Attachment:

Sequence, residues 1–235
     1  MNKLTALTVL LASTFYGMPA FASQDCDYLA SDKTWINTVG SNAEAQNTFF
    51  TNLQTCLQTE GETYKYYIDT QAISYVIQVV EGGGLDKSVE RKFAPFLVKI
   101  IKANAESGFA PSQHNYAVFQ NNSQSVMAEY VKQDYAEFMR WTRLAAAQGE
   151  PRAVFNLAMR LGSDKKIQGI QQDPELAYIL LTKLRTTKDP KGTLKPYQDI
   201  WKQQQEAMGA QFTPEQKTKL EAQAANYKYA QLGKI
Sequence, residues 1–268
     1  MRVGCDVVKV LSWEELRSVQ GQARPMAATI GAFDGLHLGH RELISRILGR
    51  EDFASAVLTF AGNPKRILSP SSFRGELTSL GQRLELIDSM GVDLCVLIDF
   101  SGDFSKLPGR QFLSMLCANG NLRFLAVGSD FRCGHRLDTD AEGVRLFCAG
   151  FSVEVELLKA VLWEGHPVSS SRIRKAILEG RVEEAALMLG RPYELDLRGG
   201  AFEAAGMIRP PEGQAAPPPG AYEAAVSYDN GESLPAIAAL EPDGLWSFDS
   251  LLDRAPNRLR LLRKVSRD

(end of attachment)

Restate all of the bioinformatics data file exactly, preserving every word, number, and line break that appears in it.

Sequence, residues 1–235
     1  MNKLTALTVL LASTFYGMPA FASQDCDYLA SDKTWINTVG SNAEAQNTFF
    51  TNLQTCLQTE GETYKYYIDT QAISYVIQVV EGGGLDKSVE RKFAPFLVKI
   101  IKANAESGFA PSQHNYAVFQ NNSQSVMAEY VKQDYAEFMR WTRLAAAQGE
   151  PRAVFNLAMR LGSDKKIQGI QQDPELAYIL LTKLRTTKDP KGTLKPYQDI
   201  WKQQQEAMGA QFTPEQKTKL EAQAANYKYA QLGKI
Sequence, residues 1–268
     1  MRVGCDVVKV LSWEELRSVQ GQARPMAATI GAFDGLHLGH RELISRILGR
    51  EDFASAVLTF AGNPKRILSP SSFRGELTSL GQRLELIDSM GVDLCVLIDF
   101  SGDFSKLPGR QFLSMLCANG NLRFLAVGSD FRCGHRLDTD AEGVRLFCAG
   151  FSVEVELLKA VLWEGHPVSS SRIRKAILEG RVEEAALMLG RPYELDLRGG
   201  AFEAAGMIRP PEGQAAPPPG AYEAAVSYDN GESLPAIAAL EPDGLWSFDS
   251  LLDRAPNRLR LLRKVSRD